The Highland Ferryman, 1858, William Dyce (1806-1864)
A philosopher was being ferried across a big river in a small boat. He asked the ferryman, “Do you know any philosophy?”
The ferryman replied, “No, I do not.”
“That is most unfortunate,” said the philosopher, “for that means you are missing out on a third of your life.” Then said the philosopher, “Do you know any literature?”
“No, sir,” said the ferryman, “I do not even know how to read.”
“That is most unfortunate,” said the philosopher, “for that means you are missing out on two-thirds of your life.”
Just then, the boat hit a large rock and started to sink. “Do you know how to swim?,” the ferryman asked the philosopher.
“No,” replied the philosopher.
“That is most unfortunate,” said the ferryman, “for that means you are going to miss out on all of the rest of your life.”
Knowledge is to be valued according to its usefulness. It is ten thousand times more desirable to know how to order our hearts and lives, how to walk with God, and how to obtain everlasting life, than to know how to get riches and pleasures and vain glory in the present world.
What good does it do a worldly and ungodly soul that will be lost forever to be able to discourse on “Cartesius’s Materia Subtilis,” or look at the planets through Galileo’s telescope; while he casts away all his hopes of heaven by his unbelief, preferring the pleasures of his flesh? Will it comfort a man who is cast out of God’s presence and condemned to utter darkness to remember that he was once a good mathematician or musician, or that he had the wit to get riches and privileges in the world, or was able to climb to the height of honor and dominion? It is a pitiful thing to see a man take pride in his wit and position, while he insanely rejects his only chance at true happiness; forsaking God, esteeming vanity, and damning his soul. May the Lord deliver us from such wit and learning.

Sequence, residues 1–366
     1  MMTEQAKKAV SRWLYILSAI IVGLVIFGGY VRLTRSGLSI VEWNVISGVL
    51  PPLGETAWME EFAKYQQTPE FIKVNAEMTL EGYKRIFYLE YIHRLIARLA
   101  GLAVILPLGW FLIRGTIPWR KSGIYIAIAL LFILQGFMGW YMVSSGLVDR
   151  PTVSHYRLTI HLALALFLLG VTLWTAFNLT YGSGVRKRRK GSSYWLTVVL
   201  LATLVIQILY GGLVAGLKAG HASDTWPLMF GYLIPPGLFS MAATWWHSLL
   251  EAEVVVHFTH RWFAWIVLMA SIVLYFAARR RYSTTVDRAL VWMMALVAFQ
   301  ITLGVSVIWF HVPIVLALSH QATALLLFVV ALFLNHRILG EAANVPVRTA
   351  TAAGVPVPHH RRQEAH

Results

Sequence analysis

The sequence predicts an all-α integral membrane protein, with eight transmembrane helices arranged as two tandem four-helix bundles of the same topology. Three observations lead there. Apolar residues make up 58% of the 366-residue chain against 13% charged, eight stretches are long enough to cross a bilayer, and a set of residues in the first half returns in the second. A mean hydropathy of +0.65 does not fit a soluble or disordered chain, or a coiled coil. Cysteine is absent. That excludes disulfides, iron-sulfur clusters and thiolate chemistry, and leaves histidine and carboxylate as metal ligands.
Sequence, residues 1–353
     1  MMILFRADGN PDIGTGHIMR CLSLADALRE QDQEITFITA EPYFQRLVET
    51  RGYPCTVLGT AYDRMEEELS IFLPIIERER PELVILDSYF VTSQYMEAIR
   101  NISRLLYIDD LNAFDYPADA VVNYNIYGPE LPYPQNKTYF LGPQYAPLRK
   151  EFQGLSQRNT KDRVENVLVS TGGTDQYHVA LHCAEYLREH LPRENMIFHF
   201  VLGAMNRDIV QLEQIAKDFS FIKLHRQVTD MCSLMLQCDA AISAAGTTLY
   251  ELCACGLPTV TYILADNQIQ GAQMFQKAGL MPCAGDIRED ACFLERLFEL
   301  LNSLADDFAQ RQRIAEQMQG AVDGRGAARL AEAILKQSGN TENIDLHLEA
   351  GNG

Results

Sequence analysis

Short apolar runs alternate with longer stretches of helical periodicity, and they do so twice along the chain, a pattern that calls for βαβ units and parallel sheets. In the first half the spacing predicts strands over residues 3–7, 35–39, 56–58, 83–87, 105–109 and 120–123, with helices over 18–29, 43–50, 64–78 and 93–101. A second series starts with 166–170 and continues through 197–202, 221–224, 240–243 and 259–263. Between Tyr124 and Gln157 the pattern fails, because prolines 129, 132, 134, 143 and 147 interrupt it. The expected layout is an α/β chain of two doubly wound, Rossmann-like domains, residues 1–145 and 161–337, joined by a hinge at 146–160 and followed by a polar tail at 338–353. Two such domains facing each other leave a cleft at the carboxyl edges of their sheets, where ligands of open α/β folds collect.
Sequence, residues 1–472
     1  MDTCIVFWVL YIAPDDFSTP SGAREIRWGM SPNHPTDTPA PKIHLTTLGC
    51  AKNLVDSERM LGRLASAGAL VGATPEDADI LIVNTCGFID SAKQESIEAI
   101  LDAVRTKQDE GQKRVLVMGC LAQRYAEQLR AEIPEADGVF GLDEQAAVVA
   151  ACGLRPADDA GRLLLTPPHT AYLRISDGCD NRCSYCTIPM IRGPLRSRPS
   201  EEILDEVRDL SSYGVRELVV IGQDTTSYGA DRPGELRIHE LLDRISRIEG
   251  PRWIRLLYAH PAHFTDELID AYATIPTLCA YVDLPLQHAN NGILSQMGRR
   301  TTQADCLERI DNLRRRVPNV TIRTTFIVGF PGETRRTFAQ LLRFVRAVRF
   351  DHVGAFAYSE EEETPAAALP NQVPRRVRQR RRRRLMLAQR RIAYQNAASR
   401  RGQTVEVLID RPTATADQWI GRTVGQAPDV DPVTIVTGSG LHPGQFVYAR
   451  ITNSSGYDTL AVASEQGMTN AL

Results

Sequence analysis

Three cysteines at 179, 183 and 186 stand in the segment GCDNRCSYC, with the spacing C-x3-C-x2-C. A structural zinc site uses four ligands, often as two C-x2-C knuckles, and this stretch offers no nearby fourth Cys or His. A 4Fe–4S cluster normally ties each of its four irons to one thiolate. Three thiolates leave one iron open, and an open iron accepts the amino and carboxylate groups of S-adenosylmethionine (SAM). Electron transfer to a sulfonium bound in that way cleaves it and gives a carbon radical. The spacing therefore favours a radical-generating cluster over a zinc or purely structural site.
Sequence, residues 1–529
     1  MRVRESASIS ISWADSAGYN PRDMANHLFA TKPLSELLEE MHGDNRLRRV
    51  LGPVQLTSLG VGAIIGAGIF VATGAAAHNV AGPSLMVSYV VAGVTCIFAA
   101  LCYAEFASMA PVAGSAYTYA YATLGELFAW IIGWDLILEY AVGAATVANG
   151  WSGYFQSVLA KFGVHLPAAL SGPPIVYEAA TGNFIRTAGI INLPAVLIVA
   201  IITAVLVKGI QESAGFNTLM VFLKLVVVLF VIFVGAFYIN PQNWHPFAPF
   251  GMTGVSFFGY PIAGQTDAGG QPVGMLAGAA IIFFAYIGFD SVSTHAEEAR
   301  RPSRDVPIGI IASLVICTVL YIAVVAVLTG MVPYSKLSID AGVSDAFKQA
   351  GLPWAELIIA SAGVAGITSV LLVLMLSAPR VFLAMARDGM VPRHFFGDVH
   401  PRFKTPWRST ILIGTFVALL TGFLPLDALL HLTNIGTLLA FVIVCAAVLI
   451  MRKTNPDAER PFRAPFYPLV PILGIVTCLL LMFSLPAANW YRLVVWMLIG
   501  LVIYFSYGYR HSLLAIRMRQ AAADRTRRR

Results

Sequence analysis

–Richard Baxter (1615-1691) (paraphrased)
Luke 10:38-42 — Now it came to pass, as they went, that he (Jesus) entered into a certain village: and a certain woman named Martha received him into her house. And she had a sister called Mary, which also sat at Jesus’ feet, and heard his word.
But Martha was cumbered about much serving, and came to him, and said, “Lord, dost thou not care that my sister hath left me to serve alone? Bid her therefore that she help me.”
And Jesus answered and said unto her, “Martha, Martha, thou art careful and troubled about many things: But one thing is needful: and Mary hath chosen that good part, which shall not be taken away from her.”
1 Corinthians 1:18-29 — For the message of the cross is foolishness to those who are perishing, but to us who are being saved it is the power of God. For it is written:
“I will destroy the wisdom of the wise;
the intelligence of the intelligent I will frustrate.”
Where is the wise person? Where is the teacher of the law? Where is the philosopher of this age? Has not God made foolish the wisdom of the world?... Jews demand signs and Greeks look for wisdom, but we preach Christ crucified: a stumbling block to Jews and foolishness to Gentiles, but to those whom God has called, both Jews and Greeks, Christ the power of God and the wisdom of God. For the foolishness of God is wiser than human wisdom, and the weakness of God is stronger than human strength.
Brothers and sisters, think of what you were when you were called. Not many of you were wise by human standards; not many were influential; not many were of noble birth. But God chose the foolish things of the world to shame the wise; God chose the weak things of the world to shame the strong. God chose the lowly things of this world and the despised things—and the things that are not—to nullify the things that are, so that no one may boast before him.
My Lord and my God, take from me all that keeps me from you.
My Lord and my God, grant me all that leads me to you.
–Nicholas of Flue (also known as Brother Klaus), Patron Saint of Switzerland (1417-1487)